BPTC graduate Richard Murtagh recently spent a week shadowing a judge at the Old Bailey. In the third of this week-long series, he recounts his experience. Read part one here.
Today was my third day as an Old Bailey marshal.
I’m forming a rapport with court staff and security. We trade banter at the entrance and in the corridors. It’s surprising how fast a sense of routine kicks in – even at a place whose regular business is murder. Speaking of which…
I arrived expecting to sit on a murder trial. I was disappointed to find that the trial was concluded nine days earlier; all that remained was for the jury to return its verdict. However, I needn’t have worried. This turned out to be the most tense, interesting and insightful part of the week. To be honest, these events took place over three full days, slotted between other matters. But for continuity’s sake, I’m packing it all into Wednesday.
The judge began by explaining the case history and allowing me to read the notes from his summing-up. The defendant stood accused of killing another man. The options for the jury were murder, manslaughter or “not guilty.” Murder requires proof of intent to kill or cause really serious injury. Manslaughter is the default option where such intent is missing.
The judge told me about a note sent by the jury two days ago. It indicated that the 12 jurors had reached a deadlock: “not guilty” was unlikely at this point, but so was a unanimous verdict. The judge feared having to declare a hung jury, which would mean having to retry the case at great cost to the taxpayer.
The jury bailiff informed the judge that another note was available. The judge read the note in open court, with the defendant and counsel present. It confirmed there was no movement on the voting numbers, nor was there likely to be. After submissions from counsel, the 12 jurors were called into court. The judge directed that a verdict of 11–1 was now acceptable.
Hours passed. A further note was received. No progress had been made, nor was any likely. In court, the judge directed that 10–2 was now acceptable. Eventually, a final note stressed that the jurors were unlikely to reach agreement at all.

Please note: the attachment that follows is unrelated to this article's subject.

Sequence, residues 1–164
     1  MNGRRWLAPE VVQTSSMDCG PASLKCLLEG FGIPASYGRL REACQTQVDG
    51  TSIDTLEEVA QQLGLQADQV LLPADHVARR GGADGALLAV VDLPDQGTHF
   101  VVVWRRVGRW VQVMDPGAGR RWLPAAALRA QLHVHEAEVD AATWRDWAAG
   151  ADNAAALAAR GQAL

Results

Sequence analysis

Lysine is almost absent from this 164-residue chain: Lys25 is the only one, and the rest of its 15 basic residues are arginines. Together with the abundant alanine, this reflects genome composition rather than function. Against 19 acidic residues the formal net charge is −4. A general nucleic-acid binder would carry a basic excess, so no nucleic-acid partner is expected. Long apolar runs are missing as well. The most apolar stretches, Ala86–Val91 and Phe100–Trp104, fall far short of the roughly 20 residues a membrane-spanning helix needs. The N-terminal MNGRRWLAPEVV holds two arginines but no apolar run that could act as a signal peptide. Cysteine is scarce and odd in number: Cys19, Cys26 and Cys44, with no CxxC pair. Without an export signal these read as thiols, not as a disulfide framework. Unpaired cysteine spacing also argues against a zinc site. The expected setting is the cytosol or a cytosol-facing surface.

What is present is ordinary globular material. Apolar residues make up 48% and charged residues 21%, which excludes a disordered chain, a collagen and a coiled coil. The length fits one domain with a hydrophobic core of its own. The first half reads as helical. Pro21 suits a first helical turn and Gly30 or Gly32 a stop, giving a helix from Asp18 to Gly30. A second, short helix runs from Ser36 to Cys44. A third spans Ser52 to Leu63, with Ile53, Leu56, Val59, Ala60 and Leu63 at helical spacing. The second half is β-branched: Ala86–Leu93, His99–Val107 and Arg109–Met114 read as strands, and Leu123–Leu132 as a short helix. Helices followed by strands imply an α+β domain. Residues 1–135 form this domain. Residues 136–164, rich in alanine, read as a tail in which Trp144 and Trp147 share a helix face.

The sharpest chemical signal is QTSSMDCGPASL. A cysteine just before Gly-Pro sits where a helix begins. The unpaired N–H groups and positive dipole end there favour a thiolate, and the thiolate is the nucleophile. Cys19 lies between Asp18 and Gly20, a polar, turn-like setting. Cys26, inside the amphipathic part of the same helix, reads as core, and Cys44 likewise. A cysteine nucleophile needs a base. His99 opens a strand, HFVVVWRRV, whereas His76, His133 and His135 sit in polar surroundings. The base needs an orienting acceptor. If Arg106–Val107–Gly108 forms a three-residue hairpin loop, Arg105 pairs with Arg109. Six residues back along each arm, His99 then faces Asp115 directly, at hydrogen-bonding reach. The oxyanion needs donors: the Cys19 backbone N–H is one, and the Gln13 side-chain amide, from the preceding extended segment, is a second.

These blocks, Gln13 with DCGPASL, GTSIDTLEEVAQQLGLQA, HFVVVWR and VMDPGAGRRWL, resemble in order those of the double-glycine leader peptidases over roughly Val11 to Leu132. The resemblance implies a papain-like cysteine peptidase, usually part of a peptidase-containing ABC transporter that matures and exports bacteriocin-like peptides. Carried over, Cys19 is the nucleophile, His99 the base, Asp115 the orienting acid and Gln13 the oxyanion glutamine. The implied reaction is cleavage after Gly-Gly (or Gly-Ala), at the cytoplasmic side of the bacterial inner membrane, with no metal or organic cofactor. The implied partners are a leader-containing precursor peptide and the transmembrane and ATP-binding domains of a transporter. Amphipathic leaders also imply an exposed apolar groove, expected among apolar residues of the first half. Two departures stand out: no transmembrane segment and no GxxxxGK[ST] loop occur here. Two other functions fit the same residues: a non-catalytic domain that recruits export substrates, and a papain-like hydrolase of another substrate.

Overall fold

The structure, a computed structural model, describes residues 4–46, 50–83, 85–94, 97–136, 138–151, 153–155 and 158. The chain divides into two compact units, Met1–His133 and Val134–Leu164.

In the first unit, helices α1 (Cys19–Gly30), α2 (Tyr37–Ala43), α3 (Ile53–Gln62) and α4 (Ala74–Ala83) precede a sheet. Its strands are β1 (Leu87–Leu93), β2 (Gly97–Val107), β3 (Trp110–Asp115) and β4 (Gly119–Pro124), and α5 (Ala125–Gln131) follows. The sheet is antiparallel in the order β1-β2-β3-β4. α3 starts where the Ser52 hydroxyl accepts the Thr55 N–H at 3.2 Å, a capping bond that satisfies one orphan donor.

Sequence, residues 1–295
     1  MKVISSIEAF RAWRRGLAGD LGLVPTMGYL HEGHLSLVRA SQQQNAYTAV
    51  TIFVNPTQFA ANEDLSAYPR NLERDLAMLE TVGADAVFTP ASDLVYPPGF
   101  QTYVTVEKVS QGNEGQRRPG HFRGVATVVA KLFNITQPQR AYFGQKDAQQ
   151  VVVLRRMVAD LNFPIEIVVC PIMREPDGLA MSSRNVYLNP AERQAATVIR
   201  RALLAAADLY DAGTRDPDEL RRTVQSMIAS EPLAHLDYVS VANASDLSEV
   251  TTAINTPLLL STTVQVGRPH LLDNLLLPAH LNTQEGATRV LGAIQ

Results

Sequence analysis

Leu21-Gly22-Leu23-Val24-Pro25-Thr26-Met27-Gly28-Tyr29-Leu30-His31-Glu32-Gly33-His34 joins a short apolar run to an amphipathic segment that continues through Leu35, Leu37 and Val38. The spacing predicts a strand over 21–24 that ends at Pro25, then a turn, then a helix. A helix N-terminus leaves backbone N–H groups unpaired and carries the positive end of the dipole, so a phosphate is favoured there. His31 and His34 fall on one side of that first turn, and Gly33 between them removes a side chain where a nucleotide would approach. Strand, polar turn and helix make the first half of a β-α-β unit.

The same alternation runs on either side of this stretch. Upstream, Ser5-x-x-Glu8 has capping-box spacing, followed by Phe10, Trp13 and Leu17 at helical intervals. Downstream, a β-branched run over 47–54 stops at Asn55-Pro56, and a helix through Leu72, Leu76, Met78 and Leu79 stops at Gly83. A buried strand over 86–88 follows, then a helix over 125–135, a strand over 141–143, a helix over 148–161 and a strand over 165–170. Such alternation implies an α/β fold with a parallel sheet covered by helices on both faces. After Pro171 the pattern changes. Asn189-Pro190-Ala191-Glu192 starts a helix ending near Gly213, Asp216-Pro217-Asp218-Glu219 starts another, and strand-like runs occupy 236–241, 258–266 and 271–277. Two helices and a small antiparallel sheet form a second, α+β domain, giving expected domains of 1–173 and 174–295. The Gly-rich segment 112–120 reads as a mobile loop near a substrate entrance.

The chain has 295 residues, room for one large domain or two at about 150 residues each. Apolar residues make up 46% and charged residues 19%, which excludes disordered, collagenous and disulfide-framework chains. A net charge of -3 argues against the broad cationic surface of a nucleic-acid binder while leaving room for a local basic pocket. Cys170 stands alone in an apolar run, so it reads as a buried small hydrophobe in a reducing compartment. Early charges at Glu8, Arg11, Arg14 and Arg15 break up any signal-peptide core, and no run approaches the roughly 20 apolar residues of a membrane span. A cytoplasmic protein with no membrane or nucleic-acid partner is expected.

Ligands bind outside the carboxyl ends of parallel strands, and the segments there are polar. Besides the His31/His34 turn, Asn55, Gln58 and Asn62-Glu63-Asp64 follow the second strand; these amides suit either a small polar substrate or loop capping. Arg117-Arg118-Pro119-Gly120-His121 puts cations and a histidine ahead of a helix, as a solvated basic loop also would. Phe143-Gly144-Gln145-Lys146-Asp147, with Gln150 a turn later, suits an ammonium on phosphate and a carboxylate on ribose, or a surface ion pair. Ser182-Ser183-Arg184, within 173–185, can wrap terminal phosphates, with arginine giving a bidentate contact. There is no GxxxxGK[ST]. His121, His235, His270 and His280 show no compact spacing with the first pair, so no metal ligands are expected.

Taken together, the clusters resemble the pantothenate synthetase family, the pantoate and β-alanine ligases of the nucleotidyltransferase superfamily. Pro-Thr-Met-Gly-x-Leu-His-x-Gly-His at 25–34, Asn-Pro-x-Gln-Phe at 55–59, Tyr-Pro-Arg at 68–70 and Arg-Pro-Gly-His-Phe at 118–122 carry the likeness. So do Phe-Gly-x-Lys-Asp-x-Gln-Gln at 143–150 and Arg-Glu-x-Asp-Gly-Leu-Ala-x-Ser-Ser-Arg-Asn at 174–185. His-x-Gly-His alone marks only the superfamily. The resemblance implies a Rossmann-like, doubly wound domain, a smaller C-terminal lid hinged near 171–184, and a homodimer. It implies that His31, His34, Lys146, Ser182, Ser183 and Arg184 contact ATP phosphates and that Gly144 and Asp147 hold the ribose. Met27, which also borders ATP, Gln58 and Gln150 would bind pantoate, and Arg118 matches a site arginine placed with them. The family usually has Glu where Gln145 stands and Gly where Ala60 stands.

In chambers, the judge explained the dilemma. Clearly, the jury did not believe this defendant to be innocent and was split between murder and manslaughter. No juror was willing to budge. In such a case, a judge may withdraw murder from the jury, leaving manslaughter as the only option. But this is risky. For example, what if a stubborn majority favour murder and refuse to convict on the lesser charge – somehow believing this to be “giving in” to the minority view? In that event, the judge will have forced a hung jury. On the other hand, it seemed from the jury’s notes in this case that a hung jury was inevitable.
Fortunately, prosecuting counsel made an application to withdraw murder from the jury, thus sparing His Honour such a difficult decision. A unanimous verdict on manslaughter was then returned within minutes. The trial was over.
On leaving for the day, I had to pass by the Jury Room. I noticed the door open and the bailiff tidying up. At a glance, I saw reams of notepaper littering the table, wastepaper bins brimming over and photographs pinned to walls. Undoubtedly, this room had played host to some intense debate.
So, today I bore witness to the diligence of British jurors. I also came to appreciate the subtle demands upon every trial judge. Aspiring barristers wishing to do the same should apply through their Inn. Aspiring solicitors could write to the Court Manager direct.
More tomorrow, when I’ll get to see part of a terrorism trial. Read Thursday’s article here.